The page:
According to data from the Office of National Statistics, over 1.5 million people in the UK work from home. With the onset of COVID-19, this new paradigm will increase, reaching more businesses and employees than anyone could have imagined just six short months ago. However, our new way of working is providing the opportunity for companies to look at how they can ensure remote workers experience the same communication, collaboration, and efficiency as being in the office.

Technology advancements such as device capabilities and increased internet speed have dramatically improved workforce communications and collaboration. Seamless collaboration across technologies such as voice, video, and messaging is making it easier for remote workers to communicate and get things done quickly and efficiently. While technology provides the backbone to open communication channels across geographic locations and enables remote workers to work more efficiently – it’s not enough.

Looking beyond technology

With the growing number of remote workers, it’s safe to say that a distributed workforce isn’t a trend – it is here to stay. Companies need to be able to connect with their employees, partners, and customers, regardless of where they are working.

Optimising the performance of remote workers, maintaining a consistent level of productivity, and giving employees the flexibility to work when and where they want takes deliberate effort. To truly foster a culture of collaboration, companies need to combine technology with four key elements.

To efficiently get the job done, remote workers require reliable equipment. Fortunately, there’s numerous options to choose from to ensure high-quality calls and meetings. To start, all remote workers should have a reliable and secure laptop and mobile device. In addition, you’ll need a strong network connection to ensure remote workers are able to perform their job functions without network disruption. From a security perspective and to ensure strong network connectivity, employing multi-factor authentication and shoring up virtual private network (VPN) resources is highly recommended. This allows remote users to gain access to the company’s network and other resources while mitigating risk of information leakage.

Best practices for a distributed workforce

When establishing a remote work policy, organisations, as well as remote workers need to take into consideration best practices to ensure productivity and collaboration.

Communication is key, as well as establishing schedules, remote worker eligibility, and compensation and allowance.

Communications:
Specific guidelines on communication needs to be clearly conveyed to remote workers to ensure expectations are understood and met. For example, employers may establish a policy that states remote workers need to be available via phone, email or messaging during business hours.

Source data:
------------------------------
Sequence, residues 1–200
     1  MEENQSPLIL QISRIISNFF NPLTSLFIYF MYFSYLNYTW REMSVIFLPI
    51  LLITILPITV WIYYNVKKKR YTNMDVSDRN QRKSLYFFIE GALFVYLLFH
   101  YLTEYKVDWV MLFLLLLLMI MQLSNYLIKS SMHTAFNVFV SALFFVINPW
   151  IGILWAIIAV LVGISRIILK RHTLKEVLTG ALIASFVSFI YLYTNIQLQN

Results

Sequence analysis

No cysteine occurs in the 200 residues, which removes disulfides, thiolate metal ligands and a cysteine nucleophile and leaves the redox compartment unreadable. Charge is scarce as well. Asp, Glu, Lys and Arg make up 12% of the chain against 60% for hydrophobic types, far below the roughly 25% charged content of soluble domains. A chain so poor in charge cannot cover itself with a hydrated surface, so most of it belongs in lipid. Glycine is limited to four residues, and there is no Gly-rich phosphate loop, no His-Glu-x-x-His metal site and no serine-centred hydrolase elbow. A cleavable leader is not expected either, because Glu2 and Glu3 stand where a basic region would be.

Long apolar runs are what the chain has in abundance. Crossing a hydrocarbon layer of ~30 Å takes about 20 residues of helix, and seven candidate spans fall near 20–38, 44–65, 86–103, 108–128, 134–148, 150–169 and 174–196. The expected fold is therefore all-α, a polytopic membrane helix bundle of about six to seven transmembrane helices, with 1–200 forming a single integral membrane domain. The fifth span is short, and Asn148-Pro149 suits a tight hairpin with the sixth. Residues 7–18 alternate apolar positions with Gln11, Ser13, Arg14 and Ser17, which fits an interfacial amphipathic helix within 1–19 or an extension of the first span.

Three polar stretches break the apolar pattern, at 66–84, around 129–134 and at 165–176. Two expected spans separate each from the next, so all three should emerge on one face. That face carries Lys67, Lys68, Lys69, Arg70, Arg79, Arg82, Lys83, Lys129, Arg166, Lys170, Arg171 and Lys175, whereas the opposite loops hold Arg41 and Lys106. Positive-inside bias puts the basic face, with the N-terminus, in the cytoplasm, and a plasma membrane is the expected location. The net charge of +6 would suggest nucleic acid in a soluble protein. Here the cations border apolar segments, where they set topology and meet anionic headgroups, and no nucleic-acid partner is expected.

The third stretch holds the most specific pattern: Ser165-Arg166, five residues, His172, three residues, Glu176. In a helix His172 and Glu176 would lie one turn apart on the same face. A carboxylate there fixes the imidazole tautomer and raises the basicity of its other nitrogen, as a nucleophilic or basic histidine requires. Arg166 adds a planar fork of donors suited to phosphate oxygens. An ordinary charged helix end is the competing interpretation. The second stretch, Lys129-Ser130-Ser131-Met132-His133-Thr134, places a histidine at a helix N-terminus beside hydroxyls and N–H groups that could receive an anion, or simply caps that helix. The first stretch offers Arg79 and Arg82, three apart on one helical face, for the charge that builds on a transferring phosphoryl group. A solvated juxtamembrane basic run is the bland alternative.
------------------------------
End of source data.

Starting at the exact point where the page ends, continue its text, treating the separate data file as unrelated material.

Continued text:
Create a schedule:
The remote worker’s schedule should be agreed upon between the manager and the employee. Although certain roles require specific times that the employee needs to be available, these should be limited to core hours. Having said that, managers should allow schedule flexibility as much as possible, which requires the manager to focus more on the employee’s results.

Determine eligibility:
Depending on the industry, the transition to remote work may be seamless. However, some companies may need to take into consideration an employee’s remote work eligibility based on job roles and responsibilities.

Allowance:
Depending on the state or country, there may be different laws and regulation when it comes to remote work. The best way to gather the information you need to make informed remote work decisions is to speak with your legal and human resources personnel.

From the perspective of remote workers, there are four best practices to achieve optimal results:

Establish a workspace
Once you have the necessary equipment, find a place that provides a comfortable work environment. Be sure to break up your workday by taking a walk, making lunch, or just simply stepping away from your desk for a short break.

Set a clear agenda for all virtual meetings to optimise productivity
When you’re the meeting host, you need to ensure that the meeting runs smoothly. To do this, set an agenda that you can share with the other participants in advance of the meeting. At the start of the call, introduce yourself, identify participants on the call and their roles, and review the meeting objective. These simple steps help participants get a visual sense of who is involved, what will be discussed, and prepare their talking points or questions. At the conclusion of the call be sure to share a summary of what was discussed, and the action items assigned to team members.

Video meetings
During video meetings, it’s common to look at the screen instead of the camera. For a more personal approach, speak directly into the camera so that it appears you’re making eye contact with those in the meeting. This will help show that you’re completely focused on the topic.

When to mute
Keep yourself on mute during video and phone meetings when you’re not speaking, especially if there is the possibility of background noise such as children or pets. You should do what you can to minimise disruption.

As businesses continue to feel the impact of COVID-19, we will continue to see an increasing number of office workers working remotely. To avoid business disruption during the transition from in office to remote, the best approach will be to put in place guidelines and best practices. This will ultimately help to ensure business as usual for your organisation.

Chris Conry is CIO at Fuze

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